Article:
What should you charge? What CAN you charge? Creating a winning pricing strategy is one of the fundamentals of marketing. It is, after all, one of the 4 P’s of marketing; product, price, place and promotion.
Let’s break down what pricing strategy might entail:
Evaluate your costs and determine your base price
Consider competitors’ pricing and your unique position in the marketplace
Test out your price strategies by talking with customers and prospects
Test out freemium strategies if your business model supports it. A freemium strategy is an entry-level free price, with added services or features that cost money. This gets your clients in the door for free, but allows them to upgrade to better services or features as they need them. Works best for subscription-based services or products like software.
Can you make money at it?
First, calculate your cost plus margin. At a base level, you need to make some money, right? Factor in all of your costs, from wages, to raw materials to shipping, packaging, fulfillment and overhead like office supplies, electricity, rent and marketing.
Divide by anticipated sales or current sales of similar products to get a per-unit price.
If you are starting a brand new business, you will need to create what’s known as a pro-forma – a business budget based on anticipated sales and expenses.
Are other companies making money at it?
Look at your competition, but remember: less is not always more! Being the low cost value producer is a strategy, but it has its risks. If you price your product too low, you will find it hard to EVER get it significantly higher in the future. You are better off starting with a higher price and offering discounts or even lowering pricing a little over time than to start too low. Articulate what you do better than anyone else. That has value. Communicate the value of your product to let the customer justify paying more for it.
Will the customer pay for it?
Do your research. You can ask customers (there are specific ways to survey customers about pricing that don’t automatically push them to choose the lowest price.) Asking your customers about what they are willing to pay for a new product is valuable insight, and with social media and digital marketing, it’s easier than ever to get feedback on pricing.
In the industries we work in, we have customers selling affordable products online, and customers selling very high value services online. Both have different strategies. In the craft and sewing business, pricing a sewing pattern is different than pricing fabric. Fabric is largely a commodity, with many vendors selling the exact same product that can be searched quite easily by the customer. Sewing patterns are less commoditized. There is uniqueness in each brand’s patterns (even if they might be the same thing, for instance, a wrap dress sewing pattern) that can be communicated and used to influence pricing strategy. Each designer drafts differently, tests differently, markets differently. But even with that, there is only a small variation, from free to about $25 per pattern (on the very high side.) The companies that release their products for free, often do so to gain a very wide audience of social media customers and followers in an effort to sell more as a value provider. Their costs might be lower, but they will find it difficult to go from $5 or $7 to $15 or $21 with their products in the future.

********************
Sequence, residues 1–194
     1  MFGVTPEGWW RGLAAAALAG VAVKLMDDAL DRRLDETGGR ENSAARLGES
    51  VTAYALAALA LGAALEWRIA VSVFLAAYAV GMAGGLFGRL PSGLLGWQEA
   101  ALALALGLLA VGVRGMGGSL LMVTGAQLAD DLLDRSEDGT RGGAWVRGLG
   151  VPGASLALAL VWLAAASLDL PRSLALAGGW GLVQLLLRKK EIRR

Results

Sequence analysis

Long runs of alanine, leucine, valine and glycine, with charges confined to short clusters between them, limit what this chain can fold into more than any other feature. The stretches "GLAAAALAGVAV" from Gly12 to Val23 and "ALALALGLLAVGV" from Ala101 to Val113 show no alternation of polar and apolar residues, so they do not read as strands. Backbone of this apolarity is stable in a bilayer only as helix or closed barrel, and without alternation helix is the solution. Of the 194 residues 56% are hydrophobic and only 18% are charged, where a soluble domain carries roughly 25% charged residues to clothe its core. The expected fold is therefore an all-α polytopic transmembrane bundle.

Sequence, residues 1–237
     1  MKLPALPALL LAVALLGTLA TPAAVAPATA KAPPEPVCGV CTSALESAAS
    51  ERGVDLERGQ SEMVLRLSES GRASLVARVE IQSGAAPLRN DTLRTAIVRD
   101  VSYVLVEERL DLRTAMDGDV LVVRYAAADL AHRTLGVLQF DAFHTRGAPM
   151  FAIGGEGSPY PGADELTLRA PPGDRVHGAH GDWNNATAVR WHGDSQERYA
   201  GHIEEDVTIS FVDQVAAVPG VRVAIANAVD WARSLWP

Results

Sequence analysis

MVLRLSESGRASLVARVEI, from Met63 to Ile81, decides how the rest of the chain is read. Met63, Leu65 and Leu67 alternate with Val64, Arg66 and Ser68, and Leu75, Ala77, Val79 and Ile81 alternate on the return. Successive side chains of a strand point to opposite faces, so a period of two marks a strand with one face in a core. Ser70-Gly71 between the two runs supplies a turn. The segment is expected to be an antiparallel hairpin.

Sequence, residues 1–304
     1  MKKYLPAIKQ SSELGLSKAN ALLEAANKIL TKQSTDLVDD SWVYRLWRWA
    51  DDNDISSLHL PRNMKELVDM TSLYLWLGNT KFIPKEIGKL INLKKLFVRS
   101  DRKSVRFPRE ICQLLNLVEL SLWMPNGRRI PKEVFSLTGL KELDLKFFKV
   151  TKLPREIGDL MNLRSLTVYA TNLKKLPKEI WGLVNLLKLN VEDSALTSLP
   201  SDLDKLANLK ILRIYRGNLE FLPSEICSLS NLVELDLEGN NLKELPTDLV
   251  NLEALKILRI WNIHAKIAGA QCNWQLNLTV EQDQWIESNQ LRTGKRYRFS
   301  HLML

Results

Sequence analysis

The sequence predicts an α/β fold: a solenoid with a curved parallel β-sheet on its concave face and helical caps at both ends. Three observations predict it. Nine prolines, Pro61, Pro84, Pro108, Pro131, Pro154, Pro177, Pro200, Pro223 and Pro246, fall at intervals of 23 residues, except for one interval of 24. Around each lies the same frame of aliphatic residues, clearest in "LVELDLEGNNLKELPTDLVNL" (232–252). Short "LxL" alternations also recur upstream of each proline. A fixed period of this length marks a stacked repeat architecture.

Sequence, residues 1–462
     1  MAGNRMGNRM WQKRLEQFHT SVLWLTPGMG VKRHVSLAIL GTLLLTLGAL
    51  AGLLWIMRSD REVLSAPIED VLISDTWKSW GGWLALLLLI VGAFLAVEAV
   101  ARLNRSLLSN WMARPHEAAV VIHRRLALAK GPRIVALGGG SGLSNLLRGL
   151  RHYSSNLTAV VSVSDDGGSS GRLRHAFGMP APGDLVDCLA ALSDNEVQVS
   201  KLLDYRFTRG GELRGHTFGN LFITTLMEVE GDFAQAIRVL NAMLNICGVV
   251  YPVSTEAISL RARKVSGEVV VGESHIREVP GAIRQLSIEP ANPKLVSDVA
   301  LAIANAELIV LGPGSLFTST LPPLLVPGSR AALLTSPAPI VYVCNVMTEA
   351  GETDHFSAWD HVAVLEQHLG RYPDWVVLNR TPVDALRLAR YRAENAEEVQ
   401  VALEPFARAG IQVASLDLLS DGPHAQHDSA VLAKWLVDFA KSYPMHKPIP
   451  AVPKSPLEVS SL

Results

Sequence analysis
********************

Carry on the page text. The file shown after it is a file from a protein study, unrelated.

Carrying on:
Companies that price their products between $15-25 have pricing and discount leeway – they can hold sales or offer bundle discounts because, overall, they are making more and covering more costs for, say, more testing, better drafting, or better instructions.
At the high end, companies that sell very high dollar value products and services, too, have pricing strategies. Are they pitching their businesses as the low-cost provider or are they focusing on a niche size of customer within their industry that they can charge more, but also provide more value? For instance, a software firm that requires customization during installation will be able to price their consulting services based on the value they provide, whereas a software company that doesn’t offer customization will not be able to charge additional fees and may need to charge more
Companies deploy “freemium” strategies for getting customers excited about their products before they charge them more for more services. This works well for high dollar value services that are ongoing. Want the basics? Free! Want more? That’ll be a $59.95 per month subscription. This model works best for technology, digital products and online communities with courses or premium downloadable content.
The best advice is to price in a range that keeps your margins profitable but also appeals to what your customer values your product at. If you’re providing high value, the price can be higher. If you’re providing lower value, the price can be lower. Value is perceived by the customer – so understanding your customer is critical for pricing products and services. There are always lower cost competitors, but the customer may perceive these as less valuable and is willing to pay more for better products or services.